It’s been nearly 10 years since I first visited the Chernobyl nuclear power plant. It was a great experience for me. I could finally see the place I’d previously only known from books and TV and the tart taste of the Lugol’s iodine I had to drink a few days after the disaster. After many visits to the plant, I was finally even allowed to enter the damaged Reactor 4 and see the notorious control room. It was here that the failed experiment resulting in the reactor exploding and the uncontrolled emission into the atmosphere of terabecquerels of radioactive isotopes was conducted. A decade ago, obtaining the necessary permits to see the epicenter of the events of April 1986 was extremely arduous and complicated. Today, this place is a must-see on most tourist excursions.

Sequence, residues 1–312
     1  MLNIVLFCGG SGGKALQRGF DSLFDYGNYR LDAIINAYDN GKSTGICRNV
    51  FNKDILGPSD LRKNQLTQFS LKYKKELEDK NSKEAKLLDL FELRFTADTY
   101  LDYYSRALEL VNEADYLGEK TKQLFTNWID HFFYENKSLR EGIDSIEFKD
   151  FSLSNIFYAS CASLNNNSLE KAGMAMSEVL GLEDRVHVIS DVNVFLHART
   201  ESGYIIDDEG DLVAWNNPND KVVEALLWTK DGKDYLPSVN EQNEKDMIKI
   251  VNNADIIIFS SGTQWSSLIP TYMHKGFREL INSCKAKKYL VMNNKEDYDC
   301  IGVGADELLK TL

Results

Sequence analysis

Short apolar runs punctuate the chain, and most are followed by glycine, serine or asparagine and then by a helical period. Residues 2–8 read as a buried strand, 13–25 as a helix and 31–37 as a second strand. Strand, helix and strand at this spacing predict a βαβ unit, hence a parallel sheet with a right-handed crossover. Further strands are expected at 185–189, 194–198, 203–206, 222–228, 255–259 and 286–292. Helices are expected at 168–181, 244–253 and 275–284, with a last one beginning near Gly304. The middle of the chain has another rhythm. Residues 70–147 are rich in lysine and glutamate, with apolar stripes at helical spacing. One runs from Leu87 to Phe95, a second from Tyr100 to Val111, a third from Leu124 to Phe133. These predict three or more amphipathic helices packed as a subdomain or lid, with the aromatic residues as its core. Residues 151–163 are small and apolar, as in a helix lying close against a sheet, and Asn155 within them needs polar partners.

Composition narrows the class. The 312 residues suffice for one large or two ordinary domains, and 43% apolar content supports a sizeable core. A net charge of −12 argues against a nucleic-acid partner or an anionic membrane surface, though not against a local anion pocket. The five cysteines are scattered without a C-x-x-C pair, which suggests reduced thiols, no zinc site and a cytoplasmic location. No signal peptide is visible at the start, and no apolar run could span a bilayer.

Today I return once again to the plant. This time, I want to see new places that I haven’t yet photographed. When I got permission after several months of efforts, sending letters and making phone calls, I was very excited. As one of the staff members in charge of my visit said, I had been granted exclusive access to the nuclear power plant. I can’t wait to find out what this actually means. So, I will be spending the next two days taking photos that I hope to use in the next HALF-LIFE album. It probably won’t be done any time soon, so in the meantime I’ll share with you my thoughts about my visit to the power plant and tell you what it was like to photograph it. But, who knows, maybe 10 years from now, you’ll be able to see these places with your own eyes.
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